Well, first you train your brain to recognize certain funny squiggles as encoding transmittable information--we tend to call these squiggles 'letters'--and then you learn how to process the information within strings of these letters; these are 'words.' And then you train yourself to decode these chains of words--these are 'sentences.' And then...
I do not have any issue with this sentence, but maybe our friends at Duolingo may consider alter it a little so it makes more sense. It could be something like "How do you read (so fast / so slow / so much)" They will have to present it later in the course but it will make much more sense them.
Yep! Your example makes more sense. I really don't have any problem translating or understanding it, but the phrase feel kind of incomplete don't you think? I guess some people spent more time thinking about its context than translating it. But them this is Swedish @ Duolingo, the course where horses eat scarfs and men rain from the skies... Thinks are a little bit odd, but... Alleluia...I am loving it! LOL
This question makes sense to me if by läser they mean study. I entered "How do you study?" and it was accepted. So, the question I have, is there another word in Swedish more commonly used for study or is the typical expression for example: "to read for an exam" meaning to study for an exam?
Can someone please provide an example of usage, which provides context for this sentence?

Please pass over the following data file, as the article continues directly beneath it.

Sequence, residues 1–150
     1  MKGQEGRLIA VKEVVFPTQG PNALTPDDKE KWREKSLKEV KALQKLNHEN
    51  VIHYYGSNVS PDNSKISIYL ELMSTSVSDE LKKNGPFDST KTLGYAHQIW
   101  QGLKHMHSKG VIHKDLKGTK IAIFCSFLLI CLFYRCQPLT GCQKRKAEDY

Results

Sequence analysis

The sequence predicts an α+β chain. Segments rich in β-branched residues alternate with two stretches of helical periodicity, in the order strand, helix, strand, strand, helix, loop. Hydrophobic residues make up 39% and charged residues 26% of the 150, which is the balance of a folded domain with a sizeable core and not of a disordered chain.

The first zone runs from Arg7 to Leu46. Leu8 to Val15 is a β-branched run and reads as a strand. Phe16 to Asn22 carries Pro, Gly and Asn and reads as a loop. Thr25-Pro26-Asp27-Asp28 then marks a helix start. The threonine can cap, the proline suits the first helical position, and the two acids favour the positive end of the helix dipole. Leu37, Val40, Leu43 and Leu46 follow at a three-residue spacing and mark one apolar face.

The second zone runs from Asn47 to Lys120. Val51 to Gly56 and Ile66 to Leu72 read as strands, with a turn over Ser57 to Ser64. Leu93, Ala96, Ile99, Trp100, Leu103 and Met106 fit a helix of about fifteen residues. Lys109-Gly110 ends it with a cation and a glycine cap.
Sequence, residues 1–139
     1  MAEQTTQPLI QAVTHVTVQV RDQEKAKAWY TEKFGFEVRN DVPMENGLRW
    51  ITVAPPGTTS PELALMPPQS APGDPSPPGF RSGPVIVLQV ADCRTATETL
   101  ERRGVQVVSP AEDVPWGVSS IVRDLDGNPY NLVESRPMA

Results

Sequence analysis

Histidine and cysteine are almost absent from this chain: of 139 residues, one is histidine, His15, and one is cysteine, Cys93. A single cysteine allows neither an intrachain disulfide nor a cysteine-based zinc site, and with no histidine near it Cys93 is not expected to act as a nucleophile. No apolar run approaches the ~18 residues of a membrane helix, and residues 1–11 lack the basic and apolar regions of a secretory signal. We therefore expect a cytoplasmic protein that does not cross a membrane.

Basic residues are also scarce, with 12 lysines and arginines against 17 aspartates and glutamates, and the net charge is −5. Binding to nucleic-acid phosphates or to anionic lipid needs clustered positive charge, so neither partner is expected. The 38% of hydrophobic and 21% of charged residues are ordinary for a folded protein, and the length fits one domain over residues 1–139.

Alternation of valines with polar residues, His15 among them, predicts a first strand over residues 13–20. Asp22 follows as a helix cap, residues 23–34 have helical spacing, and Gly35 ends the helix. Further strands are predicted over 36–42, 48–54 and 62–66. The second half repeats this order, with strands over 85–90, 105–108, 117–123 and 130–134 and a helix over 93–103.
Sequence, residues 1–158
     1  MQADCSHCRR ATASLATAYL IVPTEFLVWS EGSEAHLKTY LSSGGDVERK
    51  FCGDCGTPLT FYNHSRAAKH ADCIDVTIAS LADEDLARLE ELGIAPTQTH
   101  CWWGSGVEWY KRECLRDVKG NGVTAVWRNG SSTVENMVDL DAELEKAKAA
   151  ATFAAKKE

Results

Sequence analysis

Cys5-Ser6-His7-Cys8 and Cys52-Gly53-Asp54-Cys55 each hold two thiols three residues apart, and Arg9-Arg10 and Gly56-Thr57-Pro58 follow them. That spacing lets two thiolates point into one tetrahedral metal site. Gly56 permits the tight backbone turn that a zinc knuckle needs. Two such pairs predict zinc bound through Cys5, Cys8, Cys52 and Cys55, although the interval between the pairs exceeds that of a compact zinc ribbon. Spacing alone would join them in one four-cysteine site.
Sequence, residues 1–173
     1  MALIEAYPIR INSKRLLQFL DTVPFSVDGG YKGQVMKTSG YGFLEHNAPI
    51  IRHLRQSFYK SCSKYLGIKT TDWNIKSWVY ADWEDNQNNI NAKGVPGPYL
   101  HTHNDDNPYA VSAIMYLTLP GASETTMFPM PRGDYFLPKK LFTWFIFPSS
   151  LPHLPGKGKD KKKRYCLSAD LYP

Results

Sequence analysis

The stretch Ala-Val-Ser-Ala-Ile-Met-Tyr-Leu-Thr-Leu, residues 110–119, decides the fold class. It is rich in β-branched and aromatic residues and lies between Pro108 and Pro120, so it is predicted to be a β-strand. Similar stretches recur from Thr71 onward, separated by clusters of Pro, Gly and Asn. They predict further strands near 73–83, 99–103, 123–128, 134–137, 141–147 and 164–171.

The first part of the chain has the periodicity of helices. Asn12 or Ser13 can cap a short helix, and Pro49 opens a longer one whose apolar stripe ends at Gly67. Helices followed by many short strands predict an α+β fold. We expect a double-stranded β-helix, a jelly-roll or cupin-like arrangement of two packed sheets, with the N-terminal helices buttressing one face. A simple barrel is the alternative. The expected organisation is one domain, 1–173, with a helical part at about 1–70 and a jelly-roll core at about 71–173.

Would the following usage be correct (?):
CLERK: "Everyone in this office is legally blind."
VISITOR: "Oh, my. How do you read?"
CLERK: "We're legally blind, not fully blind. We have special high-contrast computer monitors that help us read your handwriting, on these forms."
This comment is for Duo. Duo, why are you teaching us "ni" when it is virtually never used in Swedish now? Now that we recognize it as "you" (from previous lessons), why not just stop using it, instead of having it there as a potential point of confusion? This is not a complaint; just a question. Thanks, Duo.
The basic word order is "subject verb (object)" in Swedish. So ni läser for the statement version of this specific question, which has no object.
To turn that into a question, you use "verb subject (object)?" instead. So läser ni? in this case.
And if you have a question word, like "how", "why", "who", "what_", etc., you just put that at the very top - just like in English. So hur läser ni?